Painter Elizabeth Berry has a keen eye for the colours of Woodbine Beach – she walks to it nearly every morning from her home on Neville Park Boulevard.
But last week, walking the same shore where she once painted clean white surf and azure skies, the sight of a gull grubbing in a pile of picnic litter had Berry seeing just one colour – ketchup red.
Berry has had several moments like that since the morning after the Victoria Day fireworks. The litter is always worst in the early morning, she explained, before the city’s parks department sweeps the beach and then has staff pick up any remaining trash by hand.
On that particular morning, the trash was so thick that Berry finally answered a two-year-old dare from her friend and former Woodbine Beach Association president Ken Harvey to go ahead and paint the garbage.
“I remember marching home with anger and with sadness,” she said. “I got my paints, drove back here, found one of the clusters and then I just painted away.”
Despite hours of painting cigarette butts and fast-food litter in a chilly morning fog, Berry said she felt surprisingly happy.
Halfway through, she left a message on Harvey’s voicemail: “I’m here in the fog painting the garbage and oh, it’s really exciting!”
The result, a painting called Woodbine Beach Litter, made a splash in the Toronto Star and on CBC radio’s Metro Morning.
Here in the Beach, the painting has made its way onto some 75 T-shirts, thanks to a coffee-shop meeting with Berry, concerned residents and Ward 32 councillor Mary-Margaret McMahon.
Berry said it was McMahon who came up with the T-shirt idea and, after canvassing a few residents in a local coffee shop, they got a fitting slogan: “Pick Me Up at the Beach.”
Walking along Woodbine Beach last week, several morning regulars saw Berry’s T-shirt and stopped to give their support.
Carri MacNeil took a moment before work to say she admired Berry’s painting for its spontaneity.
“This is our backyard, and anybody is welcome to come and share it,” she said. “But it’s a regular occurrence for people to come down and think it’s their trash can.”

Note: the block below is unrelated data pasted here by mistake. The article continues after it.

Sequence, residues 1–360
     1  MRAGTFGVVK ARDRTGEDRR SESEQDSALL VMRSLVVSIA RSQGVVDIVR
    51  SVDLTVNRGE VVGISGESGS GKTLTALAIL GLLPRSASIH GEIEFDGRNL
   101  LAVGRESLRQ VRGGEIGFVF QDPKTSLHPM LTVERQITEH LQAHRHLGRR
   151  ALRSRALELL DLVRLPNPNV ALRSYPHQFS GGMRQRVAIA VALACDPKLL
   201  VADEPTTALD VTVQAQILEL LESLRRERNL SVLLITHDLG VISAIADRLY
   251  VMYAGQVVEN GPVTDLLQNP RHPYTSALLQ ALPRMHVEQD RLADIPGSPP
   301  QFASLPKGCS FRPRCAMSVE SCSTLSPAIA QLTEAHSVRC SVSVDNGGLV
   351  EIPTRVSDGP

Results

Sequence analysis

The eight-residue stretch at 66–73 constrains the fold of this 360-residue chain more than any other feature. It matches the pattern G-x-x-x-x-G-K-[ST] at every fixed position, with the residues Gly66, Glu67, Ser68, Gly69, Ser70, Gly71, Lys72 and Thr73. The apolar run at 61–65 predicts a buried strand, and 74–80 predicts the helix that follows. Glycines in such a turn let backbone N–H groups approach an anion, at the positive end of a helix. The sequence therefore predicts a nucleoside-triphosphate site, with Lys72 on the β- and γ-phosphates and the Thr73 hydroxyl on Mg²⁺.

MacNeil said most special events at Woodbine Beach, such as the volleyball tournaments, tend to be run by people who keep it clean.
Angela Miller, the Woodbine Beach foreperson for Parks, Forestry and Recreation, also stopped by to chat with Berry about her painting.
Miller said the garbage level is actually better in some places now than it was five years ago, when it was especially bad in the grassy areas towards Ashbridges Bay.
But the litter was worse in May and June, she said, because for those two months the city had bins on the boardwalk, but none on the beach itself.
The trouble is that garbage pick-up moved from the parks department to Solid Waste, and that department doesn’t have equipment to carry bins on and off the sand.
In the end, park staff agreed to handle the beach bins for July and August only, when they are at at their peak use.
Berry said the ‘Pick Me Uppers’ group is still in its early stages, but she hopes they can organize an awareness campaign for the next beach season.
After travelling to many faraway beaches to paint – including some in the UK, France and the Bahamas – Berry said she has seen a few beach-cleaning ideas that might work here.
On the Bahamas’ tiny Harbour Island, she said the town collects a stipend for a local bar owner who cleans the beach for a few hours a day. Someone with that sort of community support might get a better response when dealing with litterers than a bylaw officer or parks employee, she said.
Another idea is the ‘Take 3’ campaign started in Australia – a public ad campaign that simply asks people to pick up three pieces of litter every time they leave a beach or waterway.
For more information about the painting or the Pick Me Uppers, contact firstname.lastname@example.org.
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